Financial Access 2010 Launch
At the World Bank on Thursday evening, Financial Access 2010 was launched to a full house. The report is based on data from financial regulators in 142 countries and provides the first ever framework for global comparisons on financial inclusion. Here are some highlights from the discussion.
Nancy Lee, deputy assistant secretary of the United States Treasury, pointed out that the enormous interest in financial inclusion by G-20 means that there will be more demand for data and measurement of global financial inclusion policies and practices. Even though an estimated 2.7 billion people around the world have no access to formal financial services, there is still almost no data available at a global level.
Although governments may have financial inclusion mandates, it’s often not translated into implementation on the ground. This finding from the report was echoed from a different perspective by Robyn Nietert from the Women’s Microfinance Initiative, who said that her experience lending to the poorest in Rwanda and Kenya also confirmed a gap between policies, intentions, and implementation.
The incoming CEO of CGAP, Tilman Ehrbeck, reaffirmed CGAP’s commitment to provide even more comprehensive data on financial inclusion through robust research. “What doesn’t get measured doesn’t get fixed,” he said, and reiterated that it is the role of CGAP and the World Bank Group to create an ecosystem within countries where policy and implementation can improve access and usage of financial services. “The perfect is the enemy of the good,” and this data provides a baseline from which we can make progress.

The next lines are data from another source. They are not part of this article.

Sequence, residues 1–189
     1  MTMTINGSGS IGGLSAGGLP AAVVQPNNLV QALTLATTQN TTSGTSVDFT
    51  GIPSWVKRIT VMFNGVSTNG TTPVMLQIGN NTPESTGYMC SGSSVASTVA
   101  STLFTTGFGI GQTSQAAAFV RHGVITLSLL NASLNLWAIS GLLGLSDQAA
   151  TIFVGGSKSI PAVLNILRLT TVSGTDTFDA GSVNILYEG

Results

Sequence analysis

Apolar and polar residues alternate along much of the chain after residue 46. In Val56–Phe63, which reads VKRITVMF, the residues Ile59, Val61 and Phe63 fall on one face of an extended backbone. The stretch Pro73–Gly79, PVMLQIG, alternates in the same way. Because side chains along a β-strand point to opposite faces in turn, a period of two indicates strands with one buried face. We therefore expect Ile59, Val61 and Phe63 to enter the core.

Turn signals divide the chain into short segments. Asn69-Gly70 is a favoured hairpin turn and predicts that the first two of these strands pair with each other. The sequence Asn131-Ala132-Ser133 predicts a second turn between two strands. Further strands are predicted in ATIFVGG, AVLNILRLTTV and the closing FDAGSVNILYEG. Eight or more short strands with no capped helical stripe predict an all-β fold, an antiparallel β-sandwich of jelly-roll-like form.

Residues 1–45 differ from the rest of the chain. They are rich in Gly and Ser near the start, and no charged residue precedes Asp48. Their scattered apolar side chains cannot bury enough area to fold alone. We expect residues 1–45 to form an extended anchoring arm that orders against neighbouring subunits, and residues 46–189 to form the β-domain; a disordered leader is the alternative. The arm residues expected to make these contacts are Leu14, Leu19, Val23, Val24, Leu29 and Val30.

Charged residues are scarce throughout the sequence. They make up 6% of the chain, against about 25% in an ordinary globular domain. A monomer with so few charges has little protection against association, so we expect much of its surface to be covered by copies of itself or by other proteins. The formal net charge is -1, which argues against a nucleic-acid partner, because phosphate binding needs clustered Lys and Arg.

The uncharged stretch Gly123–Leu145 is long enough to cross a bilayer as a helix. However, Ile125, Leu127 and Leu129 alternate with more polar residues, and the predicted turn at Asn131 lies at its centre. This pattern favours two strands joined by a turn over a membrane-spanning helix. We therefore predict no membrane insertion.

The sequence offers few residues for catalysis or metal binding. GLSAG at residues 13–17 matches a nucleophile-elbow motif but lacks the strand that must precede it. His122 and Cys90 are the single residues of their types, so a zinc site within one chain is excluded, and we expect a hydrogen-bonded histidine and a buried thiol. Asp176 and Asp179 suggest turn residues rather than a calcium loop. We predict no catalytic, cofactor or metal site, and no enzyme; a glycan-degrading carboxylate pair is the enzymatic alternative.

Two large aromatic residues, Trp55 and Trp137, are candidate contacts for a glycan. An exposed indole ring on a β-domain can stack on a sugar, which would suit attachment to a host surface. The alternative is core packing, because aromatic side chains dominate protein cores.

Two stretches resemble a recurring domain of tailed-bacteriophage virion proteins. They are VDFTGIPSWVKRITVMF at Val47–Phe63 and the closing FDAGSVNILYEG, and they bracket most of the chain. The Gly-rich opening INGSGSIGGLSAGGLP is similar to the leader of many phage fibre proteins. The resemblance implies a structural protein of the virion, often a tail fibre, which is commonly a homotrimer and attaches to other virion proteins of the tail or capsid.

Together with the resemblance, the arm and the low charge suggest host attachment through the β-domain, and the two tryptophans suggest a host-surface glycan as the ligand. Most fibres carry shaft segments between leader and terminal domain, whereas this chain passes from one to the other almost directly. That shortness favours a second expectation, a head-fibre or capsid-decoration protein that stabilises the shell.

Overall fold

The global financial inclusion report is an unique one giving wealth of information of status of financial inclusion in formal system across the countries surveyed.
However I would like to share some of my observations. on the contents of the report..
1.When the critical objective of financial inclusion agenda, as referred to , is to ensure access to a broad range of financial services, , the report by and large covers deposit and credit although payment is also mentioned. Insurance services, which has been recognized as one of the micro financial services for protecting vulnerable poor , has not received due attention in the report
2.Nearly half of the world have deposit account as reported. It would be also more useful also to know how many of them are in operation. in the context of existence of inoperative or dormant accounts in the formal system and dropouts in SHG-MF system in informal sector in developing countries This holds good for loan/credit account also. Then only the real potential of financial inclusion would be known
3. One of the major hurdles in financial inclusion among others, is poor economic development in terms of physical infrastructure – roads, bridges, canals, power, transport, telecommunication, warehouses , marketing yards etc in certain region. In the absence of all this , merely insisting on financial inclusion will not work This fact explains why the credit deposit ratios of commercial banks in some of the eastern region as in the case of India, continuously prevails at low level over several decades. Perhaps this also holds good to speak of low percentage of growth of SMEs with 3% in developing countries.
In this context some sequencing of development inputs is needed as a pre condition of financial inclusion . The report could have made as analysis on this causal relationship between economic development and financial inclusion in different regions
4. While supply side factors for financial inclusion are well taken care of , demand side facts mostly represented by the excluded, unorganized and marginalized poor community .which influence the financial inclusion, are not adequately dealt with in the report.